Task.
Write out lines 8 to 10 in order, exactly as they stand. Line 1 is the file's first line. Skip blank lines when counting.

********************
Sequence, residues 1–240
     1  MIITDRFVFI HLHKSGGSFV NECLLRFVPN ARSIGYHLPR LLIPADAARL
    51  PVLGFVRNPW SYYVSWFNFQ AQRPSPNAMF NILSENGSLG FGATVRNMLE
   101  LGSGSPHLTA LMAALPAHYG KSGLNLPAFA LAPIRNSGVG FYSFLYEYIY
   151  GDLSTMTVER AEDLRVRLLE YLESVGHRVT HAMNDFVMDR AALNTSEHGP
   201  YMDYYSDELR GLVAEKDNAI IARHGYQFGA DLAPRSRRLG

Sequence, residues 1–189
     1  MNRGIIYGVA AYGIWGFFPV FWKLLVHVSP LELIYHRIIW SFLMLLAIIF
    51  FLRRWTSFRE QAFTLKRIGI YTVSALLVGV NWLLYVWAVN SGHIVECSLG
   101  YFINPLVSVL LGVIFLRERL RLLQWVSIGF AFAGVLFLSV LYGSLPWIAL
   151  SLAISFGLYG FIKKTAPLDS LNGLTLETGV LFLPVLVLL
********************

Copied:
     1  MNRGIIYGVA AYGIWGFFPV FWKLLVHVSP LELIYHRIIW SFLMLLAIIF
    51  FLRRWTSFRE QAFTLKRIGI YTVSALLVGV NWLLYVWAVN SGHIVECSLG
   101  YFINPLVSVL LGVIFLRERL RLLQWVSIGF AFAGVLFLSV LYGSLPWIAL